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What is a Symbolic Link?
Symbolic links are shortcuts to files or directories can be made in Linux. Unlike hard links, symbolic links use a symbolic name rather than a physical pointer to refer to the target file or directory. As a result, symbolic links can refer to files or directories on separate file systems and are unaffected by the moving or deleting the target file or directory.
How to create a Symbolic Link?
You can use the ln command’s -s option in Linux to create a symbolic link. The target file or directory’s path and the path of the symbolic link you want to make are the two arguments this command accepts. You can utilize the symbolic link after it has been created in Linux, just like any other file or directory.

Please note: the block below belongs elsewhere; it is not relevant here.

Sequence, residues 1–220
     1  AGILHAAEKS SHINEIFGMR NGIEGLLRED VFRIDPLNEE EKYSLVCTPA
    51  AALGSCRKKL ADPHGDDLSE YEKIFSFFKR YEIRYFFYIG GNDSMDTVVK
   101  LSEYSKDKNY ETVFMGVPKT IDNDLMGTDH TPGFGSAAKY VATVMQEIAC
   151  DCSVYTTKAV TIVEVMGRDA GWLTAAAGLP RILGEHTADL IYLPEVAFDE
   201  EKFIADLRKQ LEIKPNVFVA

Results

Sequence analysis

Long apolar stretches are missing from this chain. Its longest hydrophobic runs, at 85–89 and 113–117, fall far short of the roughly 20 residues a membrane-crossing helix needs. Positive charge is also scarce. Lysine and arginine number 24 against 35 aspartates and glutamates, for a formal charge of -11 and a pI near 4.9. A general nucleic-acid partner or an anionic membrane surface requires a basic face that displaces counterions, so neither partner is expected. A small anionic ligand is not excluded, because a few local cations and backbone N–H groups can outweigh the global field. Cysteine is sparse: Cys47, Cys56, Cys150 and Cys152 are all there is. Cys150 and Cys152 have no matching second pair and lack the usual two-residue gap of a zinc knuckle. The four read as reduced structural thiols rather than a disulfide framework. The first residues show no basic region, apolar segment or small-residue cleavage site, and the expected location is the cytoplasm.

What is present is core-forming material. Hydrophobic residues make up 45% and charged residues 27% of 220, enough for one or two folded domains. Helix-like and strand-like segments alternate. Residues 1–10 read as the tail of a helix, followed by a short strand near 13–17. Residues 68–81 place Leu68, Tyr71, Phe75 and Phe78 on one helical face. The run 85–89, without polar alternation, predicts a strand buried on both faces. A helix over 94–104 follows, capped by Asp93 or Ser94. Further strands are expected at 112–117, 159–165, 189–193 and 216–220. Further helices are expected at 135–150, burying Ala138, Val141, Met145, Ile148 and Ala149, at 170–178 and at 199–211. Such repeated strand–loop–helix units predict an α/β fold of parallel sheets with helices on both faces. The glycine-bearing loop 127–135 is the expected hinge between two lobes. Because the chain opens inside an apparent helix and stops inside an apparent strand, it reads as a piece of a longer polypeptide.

The following is the syntax:
ln -s /path/to/target /path/to/link
In this command, the paths /path/to/target and /path/to/link represent the file or directory you want to link to and the symbolic link, respectively.
For instance, the following command can be used to create a symbolic link called mylink in the current directory that points to /path/to/target:
ln -s /path/to/target mylink
Overall, Linux’s symbolic links feature is a strong one that can improve how you handle your files and folders. You may quickly access your files and directories by making symbolic links rather than going through the complete file system each time.